Ingredients For Quality Child Care


Quality child care programs can provide a wealth of comprehensive services which contribute to the overall welfare of the children and their families. These services include: (a) Healthy nutrition, (b) preventative health care, (c) monitoring of child development, (d) provision for sick children, (e) consultation with outside specialists for individual child and family needs, (f) advocacy, (g) provision of services to children with disabilities, (h) parent involvement programs, (i) planned and organized activities, and (j) continual staff growth and development (Gotts, 1988). Provision of these services will help to provide the enriched environment each child needs for positive growth and development. They will also lead to beneficial relationships, another key ingredient in quality child care programs.


Forming positive relationships between the caregiver and the parent and the caregiver and the child is essential to providing quality care. A parent needs to feel free to visit the child care program at all times and needs to be notified and made aware of any problems that arise. A parent must feel free to discuss any concerns with the care giver. Equally important for parents is knowing what happens in the day to day occurrences in the life of their child, and having a sense that their child is important to the child care provider.

In a study conducted to determine which aspects of child care would enhance children’s development, Clarke-Stewart (1987) found that “a caregiver whose interactions with the child were responsive, accepting, and informative” was a quality “that predicted good child development (p.113).” Children who have established positive relationships with their child care provider will exhibit happiness and comfort in the child care setting, which can be one of the best indicators of a quality program.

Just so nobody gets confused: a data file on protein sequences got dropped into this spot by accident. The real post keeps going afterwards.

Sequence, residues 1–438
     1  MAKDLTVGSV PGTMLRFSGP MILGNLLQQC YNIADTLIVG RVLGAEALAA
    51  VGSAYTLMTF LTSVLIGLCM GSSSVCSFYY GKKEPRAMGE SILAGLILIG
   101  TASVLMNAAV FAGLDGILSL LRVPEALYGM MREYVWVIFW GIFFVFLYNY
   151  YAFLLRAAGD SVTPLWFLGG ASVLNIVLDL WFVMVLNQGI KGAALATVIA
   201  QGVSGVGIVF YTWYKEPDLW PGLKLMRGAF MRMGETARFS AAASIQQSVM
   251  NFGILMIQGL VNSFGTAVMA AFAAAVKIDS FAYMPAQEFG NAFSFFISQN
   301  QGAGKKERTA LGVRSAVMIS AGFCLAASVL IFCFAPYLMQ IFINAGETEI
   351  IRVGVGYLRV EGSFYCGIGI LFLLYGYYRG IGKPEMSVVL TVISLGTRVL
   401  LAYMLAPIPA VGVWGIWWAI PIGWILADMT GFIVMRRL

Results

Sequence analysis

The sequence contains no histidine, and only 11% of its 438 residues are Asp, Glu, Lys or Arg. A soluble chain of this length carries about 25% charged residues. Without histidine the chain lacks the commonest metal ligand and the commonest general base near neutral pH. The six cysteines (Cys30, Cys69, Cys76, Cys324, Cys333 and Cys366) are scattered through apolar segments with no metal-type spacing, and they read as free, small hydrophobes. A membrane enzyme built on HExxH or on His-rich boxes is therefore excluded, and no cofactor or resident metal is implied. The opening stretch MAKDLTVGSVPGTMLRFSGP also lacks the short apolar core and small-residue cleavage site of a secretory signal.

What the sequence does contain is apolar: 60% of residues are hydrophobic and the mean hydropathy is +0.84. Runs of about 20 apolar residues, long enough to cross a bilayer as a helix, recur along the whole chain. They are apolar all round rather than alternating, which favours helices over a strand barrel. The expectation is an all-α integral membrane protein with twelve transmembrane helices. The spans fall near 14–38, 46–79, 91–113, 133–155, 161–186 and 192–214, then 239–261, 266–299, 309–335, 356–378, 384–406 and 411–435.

Quality child care has the capability of promoting trust, autonomy, and a true sense of happiness and well being in children. It can lead to positive social, emotional, intellectual, and physical development. Quality child care needs to be a high priority in our nation and be supported by all in our society. Society needs to “increase its investments in child care staff…and ensure adequate financing and support of child care (Cost, Quality, and Outcomes Study Team, 1995).” In that way we will be investing in our future – our children.


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Clarke-Stewart, K. In Phillips, D (Ed.). (1987). Quality in child care: What does research tell us? Washington, DC: NAEYC.

Cost, Quality, and Outcomes Study Team. (1995). Cost, quality, and child outcomes in child care centers: Key findings and recommendations. Young Children, 50, 40-44.

Galinsky, E. & Phillips, D. (1988). The day-care debate. Parents. 63, 114-115.

Gotts, E.E. (1988). The right to quality child care. Childhood Education, 64, 269-273.

Kostelnik, M., Soderman, A., & Whiren, A. (1993). Developmentally Appropriate Programs in Early Childhood Education. New York: Merrill.

Mulligan, S., Green, K., Morris, S., Maloney, T., McMurray, D., & Kittelson-Alrede, T. (1992). Integrated Child Care: Meeting the Challenge. Tuscon, AZ: Communication Skill Builders.

Phillips, D., McCartney, K., and Scarr, S. (1987). Child-care quality and children’s social development. Developmental Psychology, 23, 537-543.

Vandell, D., Henderson, L.V., & Wilson, K.S. (1988). A longitudinal study of children with day-care experiences of varying quality. Child Development, 59, 1286-1292.

Whitebook, M. (1995). What’s good for child care teachers is good for our country’s children. Young Children, 50, 40-44.

Reprinted with permission from the National Network for Child Care – NNCC.  Boschee, M.A., & Jacobs, G. (1997). Ingredients for quality child care. Internet. National Network for Child Care. (